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Blueberries, QR Codes, and Product Packaging

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BlueberriesI bought some Norte Blue Chilean blue berries at my local grocery store the other day and when I got home and opened the container, to my surprise, starring back at me was a QR code.  QR codes are popping up more and more on product packaging, though it remains rare on food packaging.  Upon discovering this particular QR code I thought I might use it to illuminate the possibilities and also the mistakes of such usage.

This particular QR code use I found interesting for a few reasons.  First, I actually did a double take on this code, likely because at first I thought it was just a normal bar code of some sort, but after starring at it for a few moments I realized it was actually a QR code that I could scan.  Second, it was underneath the lid, thus not visible to the shopping public.  And third, once I scanned it I was a bit perplexed at the landing page.

When using QR codes on product packaging it can serve numerous purposes, often you might be using it to try and provide additional information about the product, and this information may or may not be used to help drive sales of the product in store.  But you may also use the QR code to provide additional value or information to the consumer AFTER the purchase has already been made.  So it is an appeal to the second use that I suspect Norte Blue was intending since it was under the lid and not on top of the lid for shoppers to see.  This of course is a perfectly fine use of a QR code, as long as you are actually providing additional value to your consumer (though placing a QR code on the visible lid just seems like a more efficient use of the code no matter your intended purpose).

Blueberries1This particular code unfortunately did a few things wrong.  First, it contained no call to action, so no one will likely scan the code, even if they knew it was a QR code to be scanned.  This almost completely negates the purpose of using a code on your product packaging.  Second, the landing page is Norte Blue’s desktop website and thus not mobile optimized.  This means more people will likely leave the page due to its difficult navigation.  This is particularly bad if you intend to push sales from this landing page.  Third, and likely a rare issue but specific to this case, Norte Blue’s website is in Spanish, so I have no idea what they even offer on their site.  Know your consumer.  If your consumer generally speaks English, make sure your landing page is in English.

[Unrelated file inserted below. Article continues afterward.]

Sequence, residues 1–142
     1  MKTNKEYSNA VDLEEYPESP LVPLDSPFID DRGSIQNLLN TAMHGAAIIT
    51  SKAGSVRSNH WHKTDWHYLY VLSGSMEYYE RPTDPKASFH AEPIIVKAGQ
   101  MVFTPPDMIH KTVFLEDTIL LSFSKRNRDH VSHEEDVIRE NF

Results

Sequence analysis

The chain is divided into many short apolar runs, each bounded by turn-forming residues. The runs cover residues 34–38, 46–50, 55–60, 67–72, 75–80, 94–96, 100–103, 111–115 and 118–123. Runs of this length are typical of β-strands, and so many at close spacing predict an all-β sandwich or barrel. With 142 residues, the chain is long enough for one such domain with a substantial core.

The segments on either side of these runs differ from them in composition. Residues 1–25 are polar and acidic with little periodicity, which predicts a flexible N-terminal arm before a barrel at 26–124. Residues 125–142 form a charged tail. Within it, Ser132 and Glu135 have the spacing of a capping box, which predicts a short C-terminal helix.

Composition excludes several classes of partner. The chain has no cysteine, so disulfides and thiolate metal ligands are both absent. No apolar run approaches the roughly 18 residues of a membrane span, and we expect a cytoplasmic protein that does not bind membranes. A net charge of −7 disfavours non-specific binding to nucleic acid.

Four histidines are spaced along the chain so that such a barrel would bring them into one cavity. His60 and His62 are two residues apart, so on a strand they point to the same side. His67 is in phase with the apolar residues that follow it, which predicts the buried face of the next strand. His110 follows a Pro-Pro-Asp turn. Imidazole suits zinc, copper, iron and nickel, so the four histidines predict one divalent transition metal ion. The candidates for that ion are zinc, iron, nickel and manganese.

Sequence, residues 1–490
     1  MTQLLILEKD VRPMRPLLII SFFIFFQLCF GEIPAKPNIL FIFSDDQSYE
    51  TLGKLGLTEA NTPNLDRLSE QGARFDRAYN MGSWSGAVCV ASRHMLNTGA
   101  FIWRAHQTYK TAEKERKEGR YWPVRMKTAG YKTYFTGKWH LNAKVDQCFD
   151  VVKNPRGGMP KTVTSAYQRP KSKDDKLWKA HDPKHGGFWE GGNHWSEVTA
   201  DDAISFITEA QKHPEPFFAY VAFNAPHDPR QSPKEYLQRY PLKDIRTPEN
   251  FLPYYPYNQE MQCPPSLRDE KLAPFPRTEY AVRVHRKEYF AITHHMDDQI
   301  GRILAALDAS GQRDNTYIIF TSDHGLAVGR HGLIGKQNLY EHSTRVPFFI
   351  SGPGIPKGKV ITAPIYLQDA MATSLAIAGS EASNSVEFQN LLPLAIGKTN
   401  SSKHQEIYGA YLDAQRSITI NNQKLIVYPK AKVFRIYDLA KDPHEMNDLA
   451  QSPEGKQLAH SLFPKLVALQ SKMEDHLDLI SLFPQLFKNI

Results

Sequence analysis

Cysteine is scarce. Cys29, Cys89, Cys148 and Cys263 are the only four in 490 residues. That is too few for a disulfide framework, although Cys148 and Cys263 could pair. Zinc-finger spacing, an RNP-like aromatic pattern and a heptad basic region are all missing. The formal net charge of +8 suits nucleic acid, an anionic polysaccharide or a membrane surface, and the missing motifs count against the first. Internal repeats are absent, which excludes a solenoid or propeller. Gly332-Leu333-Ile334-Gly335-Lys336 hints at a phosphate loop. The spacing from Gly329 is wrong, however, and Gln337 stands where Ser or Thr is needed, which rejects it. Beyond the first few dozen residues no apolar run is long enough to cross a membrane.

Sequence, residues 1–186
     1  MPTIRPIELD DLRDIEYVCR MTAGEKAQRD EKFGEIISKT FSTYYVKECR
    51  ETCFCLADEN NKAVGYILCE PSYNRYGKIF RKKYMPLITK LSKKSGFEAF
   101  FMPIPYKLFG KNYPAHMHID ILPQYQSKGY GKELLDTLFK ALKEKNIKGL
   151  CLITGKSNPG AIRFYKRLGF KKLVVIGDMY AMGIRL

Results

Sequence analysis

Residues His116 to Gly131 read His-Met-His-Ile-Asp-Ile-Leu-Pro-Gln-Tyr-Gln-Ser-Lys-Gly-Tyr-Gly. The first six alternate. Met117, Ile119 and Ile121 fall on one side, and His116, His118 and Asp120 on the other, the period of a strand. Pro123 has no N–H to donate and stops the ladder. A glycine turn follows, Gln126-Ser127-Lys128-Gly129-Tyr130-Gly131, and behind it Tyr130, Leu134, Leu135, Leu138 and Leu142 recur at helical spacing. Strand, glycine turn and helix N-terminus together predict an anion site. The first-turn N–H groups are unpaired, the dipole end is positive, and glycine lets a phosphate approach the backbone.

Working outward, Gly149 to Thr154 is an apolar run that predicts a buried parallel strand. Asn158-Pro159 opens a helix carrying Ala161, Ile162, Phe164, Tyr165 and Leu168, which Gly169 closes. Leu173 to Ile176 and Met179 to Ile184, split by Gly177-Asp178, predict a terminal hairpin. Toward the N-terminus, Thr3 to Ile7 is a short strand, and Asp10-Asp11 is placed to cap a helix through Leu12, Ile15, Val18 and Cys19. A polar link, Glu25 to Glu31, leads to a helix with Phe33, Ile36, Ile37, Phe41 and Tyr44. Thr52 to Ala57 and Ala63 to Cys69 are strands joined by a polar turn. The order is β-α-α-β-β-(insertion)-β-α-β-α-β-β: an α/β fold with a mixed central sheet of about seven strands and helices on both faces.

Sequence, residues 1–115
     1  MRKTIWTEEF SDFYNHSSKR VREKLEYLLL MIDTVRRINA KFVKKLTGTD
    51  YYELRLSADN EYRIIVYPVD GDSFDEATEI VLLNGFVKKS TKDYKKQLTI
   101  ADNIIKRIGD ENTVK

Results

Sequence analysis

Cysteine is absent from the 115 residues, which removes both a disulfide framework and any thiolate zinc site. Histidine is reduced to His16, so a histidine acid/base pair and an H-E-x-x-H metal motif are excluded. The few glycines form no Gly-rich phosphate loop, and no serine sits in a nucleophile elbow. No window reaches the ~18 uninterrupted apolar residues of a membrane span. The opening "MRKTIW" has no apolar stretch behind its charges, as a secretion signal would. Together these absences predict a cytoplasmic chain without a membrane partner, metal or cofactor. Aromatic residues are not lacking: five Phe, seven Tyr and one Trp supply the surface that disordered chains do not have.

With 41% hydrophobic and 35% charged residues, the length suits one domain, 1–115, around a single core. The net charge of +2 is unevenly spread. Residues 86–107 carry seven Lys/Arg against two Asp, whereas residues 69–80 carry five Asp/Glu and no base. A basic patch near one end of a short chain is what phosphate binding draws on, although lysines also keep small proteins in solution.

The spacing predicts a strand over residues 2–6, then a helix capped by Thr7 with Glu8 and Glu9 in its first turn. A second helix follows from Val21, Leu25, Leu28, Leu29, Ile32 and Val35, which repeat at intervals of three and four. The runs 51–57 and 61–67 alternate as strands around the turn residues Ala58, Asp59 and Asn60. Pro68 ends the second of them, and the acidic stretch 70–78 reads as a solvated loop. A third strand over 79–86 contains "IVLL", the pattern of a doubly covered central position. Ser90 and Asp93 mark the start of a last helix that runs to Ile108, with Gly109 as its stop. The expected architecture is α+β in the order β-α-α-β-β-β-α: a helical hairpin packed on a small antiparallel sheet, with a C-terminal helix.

Though Norte Blue may have not used QR codes very well in their first attempt, the possibilities are many for QR codes on food packaging.

Depending on the food we are discussing, you might use a QR code to provide possible recipes that use said ingredient you are selling; or perhaps you have a kid’s cereal or other kids food, you might have the QR code take the child to a fun game or app; or perhaps you want to try and promote online sales of your product, you might offer a lower price if they order directly from your QR code landing page, etc.  Be creative and give the consumer something you actually suspect that might want, or find enjoyable.

A QR code can do many different things for your brand, your sales, or your customers, just make sure if you use them you use them properly and creatively.  And please, please, make sure you use the language of choice when selling your product in a particular country.  It works better when your consumer can understand you.

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About The Author:

Tim is an established sales & marketing professional, assisting Quick Fuse Media with discussions on mobile technologies and best practices.


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